Grand County caucuses to kick off midterm election season

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This year is a midterm election year, which means that across the country, precincts will come together to hold their Democratic and Republican caucuses. In Grand County, the Democratic caucus will take place virtually on March 1 and the Republican caucus will take place in person on March 5.

Participating in constituency caucus is a great way for residents to determine what issues and candidates a party will endorse. At the caucus, participants elect their fellow citizens as delegates to the Grand County Assembly. At the assembly, delegates vote on the candidates who will appear in the June 28 primary ballot. In the primary, the candidates will compete for a seat in the November general election.

John Mintken, chairman of the Grand County Republican Party, said the best option for joining the political process is to become a delegate.



“It’s not difficult to become a delegate here, because there aren’t too many people,” he says. “That’s how you elect who you want to run, who you want to run for.”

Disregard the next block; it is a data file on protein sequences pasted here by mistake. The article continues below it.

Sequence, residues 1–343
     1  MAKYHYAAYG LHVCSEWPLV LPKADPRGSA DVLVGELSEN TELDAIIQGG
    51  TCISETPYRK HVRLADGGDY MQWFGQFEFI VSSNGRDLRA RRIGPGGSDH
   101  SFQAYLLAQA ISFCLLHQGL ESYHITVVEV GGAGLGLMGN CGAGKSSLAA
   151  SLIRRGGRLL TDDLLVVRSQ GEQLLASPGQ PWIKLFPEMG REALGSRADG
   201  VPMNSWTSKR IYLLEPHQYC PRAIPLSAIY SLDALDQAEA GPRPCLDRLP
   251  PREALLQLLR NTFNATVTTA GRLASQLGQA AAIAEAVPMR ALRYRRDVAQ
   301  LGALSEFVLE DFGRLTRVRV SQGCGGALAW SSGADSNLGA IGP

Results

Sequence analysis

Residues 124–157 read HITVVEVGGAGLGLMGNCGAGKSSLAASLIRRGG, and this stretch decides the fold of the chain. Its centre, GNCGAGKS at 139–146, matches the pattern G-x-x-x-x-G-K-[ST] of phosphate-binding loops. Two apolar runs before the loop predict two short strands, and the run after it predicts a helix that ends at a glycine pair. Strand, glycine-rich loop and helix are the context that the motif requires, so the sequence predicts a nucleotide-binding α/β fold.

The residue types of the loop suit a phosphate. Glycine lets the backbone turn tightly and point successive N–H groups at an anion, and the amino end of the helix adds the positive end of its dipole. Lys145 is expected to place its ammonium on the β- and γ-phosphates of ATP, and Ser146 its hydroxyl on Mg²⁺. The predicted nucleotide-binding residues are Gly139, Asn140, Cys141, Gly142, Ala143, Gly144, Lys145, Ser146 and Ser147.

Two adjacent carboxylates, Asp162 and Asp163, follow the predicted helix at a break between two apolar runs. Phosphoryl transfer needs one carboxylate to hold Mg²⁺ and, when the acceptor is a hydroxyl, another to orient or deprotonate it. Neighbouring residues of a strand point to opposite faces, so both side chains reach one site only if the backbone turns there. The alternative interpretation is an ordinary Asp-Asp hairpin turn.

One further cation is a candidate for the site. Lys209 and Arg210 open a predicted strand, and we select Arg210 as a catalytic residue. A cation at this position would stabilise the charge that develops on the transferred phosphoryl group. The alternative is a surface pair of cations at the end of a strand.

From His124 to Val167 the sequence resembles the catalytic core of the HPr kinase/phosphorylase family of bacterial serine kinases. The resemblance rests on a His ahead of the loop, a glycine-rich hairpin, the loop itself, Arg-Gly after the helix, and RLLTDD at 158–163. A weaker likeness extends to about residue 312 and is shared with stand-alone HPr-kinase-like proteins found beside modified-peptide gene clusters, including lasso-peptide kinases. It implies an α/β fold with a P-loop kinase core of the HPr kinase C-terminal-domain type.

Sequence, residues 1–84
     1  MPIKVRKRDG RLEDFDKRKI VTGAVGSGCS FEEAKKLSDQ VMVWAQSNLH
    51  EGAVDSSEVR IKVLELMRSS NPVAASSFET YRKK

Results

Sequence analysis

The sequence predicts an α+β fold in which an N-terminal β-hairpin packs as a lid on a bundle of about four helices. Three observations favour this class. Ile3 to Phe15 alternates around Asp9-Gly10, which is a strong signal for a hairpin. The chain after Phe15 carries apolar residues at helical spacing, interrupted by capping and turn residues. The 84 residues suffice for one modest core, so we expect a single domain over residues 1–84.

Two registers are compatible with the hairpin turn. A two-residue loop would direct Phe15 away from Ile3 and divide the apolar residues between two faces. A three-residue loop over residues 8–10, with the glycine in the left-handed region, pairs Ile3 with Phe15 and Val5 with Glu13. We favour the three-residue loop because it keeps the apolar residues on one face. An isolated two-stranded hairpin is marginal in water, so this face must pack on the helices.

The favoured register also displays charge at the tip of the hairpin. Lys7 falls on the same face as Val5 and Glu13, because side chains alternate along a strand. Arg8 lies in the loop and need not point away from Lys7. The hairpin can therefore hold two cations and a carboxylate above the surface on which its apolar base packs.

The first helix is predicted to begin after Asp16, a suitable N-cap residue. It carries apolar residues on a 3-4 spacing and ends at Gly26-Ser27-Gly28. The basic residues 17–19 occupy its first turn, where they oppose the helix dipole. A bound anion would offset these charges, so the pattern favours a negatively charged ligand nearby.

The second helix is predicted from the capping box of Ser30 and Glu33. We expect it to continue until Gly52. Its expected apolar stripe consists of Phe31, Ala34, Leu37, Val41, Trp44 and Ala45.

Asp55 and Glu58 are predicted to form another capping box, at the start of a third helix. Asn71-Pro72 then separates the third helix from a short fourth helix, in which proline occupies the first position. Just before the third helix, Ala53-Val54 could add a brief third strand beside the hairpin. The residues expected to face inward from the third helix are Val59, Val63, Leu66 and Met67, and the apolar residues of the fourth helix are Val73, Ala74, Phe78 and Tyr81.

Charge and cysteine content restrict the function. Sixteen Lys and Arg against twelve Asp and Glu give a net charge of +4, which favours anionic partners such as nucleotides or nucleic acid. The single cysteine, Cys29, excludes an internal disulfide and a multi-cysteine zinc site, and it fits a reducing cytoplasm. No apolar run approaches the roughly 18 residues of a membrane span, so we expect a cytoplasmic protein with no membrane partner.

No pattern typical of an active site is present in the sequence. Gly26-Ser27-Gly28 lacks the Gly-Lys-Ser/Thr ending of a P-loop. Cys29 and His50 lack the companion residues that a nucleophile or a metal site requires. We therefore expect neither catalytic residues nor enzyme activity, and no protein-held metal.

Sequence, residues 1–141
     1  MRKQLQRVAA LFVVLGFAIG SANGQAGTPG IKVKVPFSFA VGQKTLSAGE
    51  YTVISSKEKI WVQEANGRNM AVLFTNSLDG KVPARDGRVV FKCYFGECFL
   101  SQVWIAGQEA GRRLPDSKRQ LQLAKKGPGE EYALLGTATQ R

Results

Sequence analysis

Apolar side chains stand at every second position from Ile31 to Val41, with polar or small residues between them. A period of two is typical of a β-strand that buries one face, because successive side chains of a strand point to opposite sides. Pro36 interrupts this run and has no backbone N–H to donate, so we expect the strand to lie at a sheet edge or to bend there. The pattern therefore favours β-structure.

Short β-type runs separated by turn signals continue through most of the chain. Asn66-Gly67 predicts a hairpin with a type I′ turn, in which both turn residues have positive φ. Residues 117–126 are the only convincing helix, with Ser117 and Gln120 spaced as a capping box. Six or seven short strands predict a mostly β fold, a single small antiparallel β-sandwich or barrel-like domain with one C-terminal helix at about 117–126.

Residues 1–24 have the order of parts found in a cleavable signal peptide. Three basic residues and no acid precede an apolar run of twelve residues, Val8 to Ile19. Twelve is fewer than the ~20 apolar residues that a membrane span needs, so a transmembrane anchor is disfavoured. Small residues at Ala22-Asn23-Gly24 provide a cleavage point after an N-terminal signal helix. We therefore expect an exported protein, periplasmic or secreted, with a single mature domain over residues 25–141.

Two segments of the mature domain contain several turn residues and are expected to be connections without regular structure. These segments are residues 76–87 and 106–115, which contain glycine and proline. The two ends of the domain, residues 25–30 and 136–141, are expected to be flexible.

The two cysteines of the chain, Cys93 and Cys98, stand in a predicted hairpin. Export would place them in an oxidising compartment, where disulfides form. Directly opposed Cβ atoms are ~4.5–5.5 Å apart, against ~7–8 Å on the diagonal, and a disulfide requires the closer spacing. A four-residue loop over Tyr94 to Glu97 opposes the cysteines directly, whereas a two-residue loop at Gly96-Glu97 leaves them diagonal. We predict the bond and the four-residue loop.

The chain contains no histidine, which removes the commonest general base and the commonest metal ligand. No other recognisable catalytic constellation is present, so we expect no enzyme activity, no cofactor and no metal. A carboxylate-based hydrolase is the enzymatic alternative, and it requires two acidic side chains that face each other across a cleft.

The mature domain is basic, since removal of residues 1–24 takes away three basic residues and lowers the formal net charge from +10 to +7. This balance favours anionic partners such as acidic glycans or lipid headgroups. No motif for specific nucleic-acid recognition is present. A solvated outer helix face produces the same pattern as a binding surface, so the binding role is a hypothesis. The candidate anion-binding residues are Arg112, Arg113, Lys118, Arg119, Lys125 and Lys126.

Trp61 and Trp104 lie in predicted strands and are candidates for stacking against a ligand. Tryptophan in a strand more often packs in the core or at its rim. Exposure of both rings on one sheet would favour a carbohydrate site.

Once a person is selected as a county assembly delegate, they also have the option of becoming a state-level delegate.



“We have 19 delegates to represent Grand County in the state assembly,” Mintken said. Although that number seems low, Mintken said the number of delegates is based on population.

To participate as a caucus member or be selected as a delegate, a person must reside in their constituency and be a registered voter with their party as of February 7. However, everyone is encouraged to attend the caucuses. Even if someone can’t attend, it’s still a great way to learn about the political process.

“Even Democrats can come and listen,” Mintken said of the Republican caucus.

Just as important as the election of delegates, constituency caucuses allow attendees to vote on issues they would like to see on the ballot and hear from candidates running for local office.